Too many cookies and not enough disclosure
4 August 2021
What are cookies?
Cookies are small text files, which collect information and are placed on the browser of users who visit different websites. They are used on the majority of websites and can provide essential functionality, enabling users to navigate websites conveniently and efficiently. They can also be used to provide useful information to website owners about the use of their websites.
There are two main types of cookies:
- Session Cookies: these act as a bookmark, tracking users' movements on the websites (eg your shopping cart) and expire when the user leaves the web page
- Persistent Cookies: these track users' preferences, including things like language and location, as well as user log-in details. These cookies last beyond the session and can be stored on the user's device for a longer period of time.
Cookies can also be distinguished by their origin. First party cookies are generated by the website the user is currently on and tend to be session or persistent cookies relating to user preferences for that website. Third party cookies are typically associated with ads and are generated by websites other than the website the user is currently on. For example, third party cookies are typically placed on websites by an advertiser or social media site, such as Facebook. Third party cookies often collect users' data across multiple websites.
Cookies can be used in a range of ways – to provide essential features on websites, to remember past choices made by user, and to track information about website use and provide it to the website owner (often in an aggregated form but also to allow for more effective advertising to individual users).
What do website owners need to tell their users?
Fundamentally, cookies collect information about website users. While there is no specific cookies legislation in New Zealand, Privacy Principle 3 of the Privacy Act 2020 imposes obligations on agencies in relation to websites that collect personal information (and will apply if the cookies are collecting users' personal information). Specifically, the Privacy Act requires that the relevant website must take reasonable steps to ensure users are aware of:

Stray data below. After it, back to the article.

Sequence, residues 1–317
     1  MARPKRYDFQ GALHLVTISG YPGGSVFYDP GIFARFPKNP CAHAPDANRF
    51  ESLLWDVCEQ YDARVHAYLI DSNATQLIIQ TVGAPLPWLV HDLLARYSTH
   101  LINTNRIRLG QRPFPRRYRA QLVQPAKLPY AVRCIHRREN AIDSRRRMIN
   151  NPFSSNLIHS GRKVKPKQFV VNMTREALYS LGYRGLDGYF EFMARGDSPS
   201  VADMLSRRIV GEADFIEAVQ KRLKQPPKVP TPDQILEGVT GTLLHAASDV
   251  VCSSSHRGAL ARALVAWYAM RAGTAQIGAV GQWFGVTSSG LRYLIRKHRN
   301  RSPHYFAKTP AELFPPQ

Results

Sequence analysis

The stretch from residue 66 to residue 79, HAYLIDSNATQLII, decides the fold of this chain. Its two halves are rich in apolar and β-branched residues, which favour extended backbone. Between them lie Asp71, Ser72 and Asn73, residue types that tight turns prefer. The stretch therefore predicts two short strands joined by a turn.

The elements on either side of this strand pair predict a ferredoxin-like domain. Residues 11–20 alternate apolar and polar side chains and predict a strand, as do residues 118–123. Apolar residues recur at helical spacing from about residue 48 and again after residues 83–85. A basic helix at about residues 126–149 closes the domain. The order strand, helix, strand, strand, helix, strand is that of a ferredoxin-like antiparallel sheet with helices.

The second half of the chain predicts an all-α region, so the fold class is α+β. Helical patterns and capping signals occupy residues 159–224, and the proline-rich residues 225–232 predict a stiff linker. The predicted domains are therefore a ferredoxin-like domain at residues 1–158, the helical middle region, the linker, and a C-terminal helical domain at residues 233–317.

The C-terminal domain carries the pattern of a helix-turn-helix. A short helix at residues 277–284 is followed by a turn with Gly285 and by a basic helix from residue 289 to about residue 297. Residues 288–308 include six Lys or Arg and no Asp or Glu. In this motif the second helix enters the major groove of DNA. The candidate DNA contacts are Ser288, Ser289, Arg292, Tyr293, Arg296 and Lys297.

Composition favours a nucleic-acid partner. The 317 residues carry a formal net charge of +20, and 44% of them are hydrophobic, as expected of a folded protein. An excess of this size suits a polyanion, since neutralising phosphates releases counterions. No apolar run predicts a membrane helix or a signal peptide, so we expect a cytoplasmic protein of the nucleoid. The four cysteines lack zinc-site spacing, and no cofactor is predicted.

- What information is being collected
- The purpose for which it is being collected
- The intended recipient of the information
- The name and address of the entity that is collecting and holding the information
- If the information is required to be collected by law, the law under which it is collected and whether the supply of the information is voluntary or mandatory
- The consequences if the information is not provided
- The rights of access to and correction of, information, provided by the Privacy Principles.
If you would like to know more about the enforceability of EU law in New Zealand, we have previously discussed it in this article, Guidelines on the Long Arms of the GDPR.
Additionally, earlier this year, Apple released its App Tracking Transparency framework, which requires app developers on the Apple store that want to collect users' data and share it with third-parties for the purposes of tracking users, must display a pop-up asking users to consent to the tracking.
So what next?
We recommend that website owners regularly review those sections of their web terms and/or privacy policies which deal with cookies. In our view, to effectively update these sections, lawyers (and communications team members) will need to engage in some detail with the organisation's IT or digital team to ensure that what is communicated is comprehensive and accurate. If you are looking to update your cookies policy, Facebook Business Tools has developed a helpful guide to cookie disclosure statements, which also recommends:
- Disclosing specific information about the use of any third party technologies and their purposes
- Adding granular controls for non-necessary cookies and explaining to users how to reject their use, and
The guide can be found here.
Of course, if you need legal assistance, our market-leading TMT team is also here to help.
Visit our expertise pages